Oil up near $116, Iran, Italy eyed.
Oil prices rose to near $116 on Tuesday on the back of strong seasonal fundamentals, as investors weighed the prospect of supply disruption from Iran against concerns over Italy's sovereign debt risk.
Brent crude futures were up $1.51 a barrel to $116.07 by 1114 GMT, their highest level in nearly two months. U.S. crude was up 79 cents at $96.31 a barrel.
"There are several factors at play, some are offsetting each other but the general trend is to the upside," said Carsten Fritsch, an energy analyst at Commerzbank in Frankfurt.
"We have a temporary solution to the Greek political crisis, strong seasonal demand for heating oil, low gasoil stockpiles in Europe, low distillate stockpiles in the U.S., andChina becoming a net diesel importer in November.
"There is also the geopolitical risk from the Iran nuclear programme -- all these factors are supporting oil prices."
Iran's dispute with the West intensified ahead of a report from the U.N.'s International Atomic Energy Agency (IAEA) that is expected to show Iran's nuclear programme is being geared towards weapons manufacture.
On the demand side, China's top refineries plan to raise their crude oil throughput in November to the highest in a year, as state oil firms ramp up operations amid domestic diesel shortages and the restart of a key plant after maintenance.
Market participants are awaiting Chinese inflation data due out on Wednesday to assess the chance of policy easing in the world's second-biggest oil consumer.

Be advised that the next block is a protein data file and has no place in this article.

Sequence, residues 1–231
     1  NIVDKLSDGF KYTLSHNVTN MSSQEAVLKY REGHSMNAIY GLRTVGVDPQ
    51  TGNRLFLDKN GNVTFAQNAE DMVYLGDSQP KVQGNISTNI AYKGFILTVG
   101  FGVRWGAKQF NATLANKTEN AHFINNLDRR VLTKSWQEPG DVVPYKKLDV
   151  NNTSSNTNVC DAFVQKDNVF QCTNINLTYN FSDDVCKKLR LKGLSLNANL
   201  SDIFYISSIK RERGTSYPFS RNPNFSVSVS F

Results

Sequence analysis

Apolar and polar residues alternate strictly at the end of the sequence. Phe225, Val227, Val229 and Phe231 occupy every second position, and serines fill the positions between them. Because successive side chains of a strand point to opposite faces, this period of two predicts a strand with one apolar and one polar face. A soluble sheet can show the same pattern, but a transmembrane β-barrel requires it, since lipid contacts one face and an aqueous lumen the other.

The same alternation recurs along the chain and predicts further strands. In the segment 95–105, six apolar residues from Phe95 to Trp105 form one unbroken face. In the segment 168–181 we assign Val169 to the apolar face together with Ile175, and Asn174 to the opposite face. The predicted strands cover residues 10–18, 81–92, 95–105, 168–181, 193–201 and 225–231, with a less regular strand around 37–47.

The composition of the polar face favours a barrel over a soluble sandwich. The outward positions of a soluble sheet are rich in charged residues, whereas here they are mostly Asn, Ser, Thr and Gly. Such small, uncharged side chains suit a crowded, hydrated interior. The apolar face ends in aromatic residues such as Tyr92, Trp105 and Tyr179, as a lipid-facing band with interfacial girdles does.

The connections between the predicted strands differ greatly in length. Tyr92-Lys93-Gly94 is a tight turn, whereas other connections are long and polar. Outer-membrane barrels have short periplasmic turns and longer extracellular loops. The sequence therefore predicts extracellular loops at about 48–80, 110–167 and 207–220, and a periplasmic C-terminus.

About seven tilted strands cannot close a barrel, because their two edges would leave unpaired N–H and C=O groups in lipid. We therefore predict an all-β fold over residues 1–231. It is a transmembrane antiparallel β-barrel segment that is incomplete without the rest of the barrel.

China's annual inflation is expected to ease to 5.5 percent in October, the third straight month of decline from a three-year high of 6.5 percent in July, as food price rises cool.
"It's fundamentals that are driving us higher," agreed Todd Gross, co-founder ofHudson Capital Group in the United States.
"Gasoil supplies are low in certain parts of the world, everything is now backwardated from gasoline to crude and we're heading into the biggest demand month of the year -- global demand is 1-2 million barrels per day higher in December than it is in October...Oil is driving its own bus."
Gross also noted the market impact from the upcoming IAEA report on Iran: "It's a very dangerous situation and you can't blame prices for rising if traders think something might happen in the next six months."
The biggest negative factor in the market at the moment is the deteriorating situation inItaly, which has replaced Greece as the prime threat to the stability of the eurozone.
"Italian bond yields have risen to their highest levels since 1997 despite huge ECB buying activity, which will cap gains in oil prices," said Fritsch. Higher bond yields hinder the debt-ridden country's borrowing ability.
Oil prices are also being supported by a slower ramp-up in exports from Libya, and threatened strike action in Brazil.
"Libyan oil production has recovered a little faster than expected and is currently above 500,000 barrels per day," said BNP Paribas analysts in a report.
"But more production does not equate necessarily with sustained higher exports that would depress Brent prices -- exports, to date, have been at best sporadic."
In Brazil, workers at the state oil company Petrobras said they would go on strike on Nov. 16 to demand safer working conditions and better pay.
A full-blown work stoppage could force Petrobras to boost crude imports to keep refineries running and trim exports, putting upward pressure on crude oil prices.
Michael Poulsen, oil analyst at Global Risk Management said that techincally, Brent was at "dangerous levels" and a further upward move could not be ruled out: "If prices do not soon retrace, we could see $120 before $108." (Additional reporting by Francis Kan in Singapore and David Sheppard in New York; Editing by Alison Birrane)
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|Date:||Nov 8, 2011|
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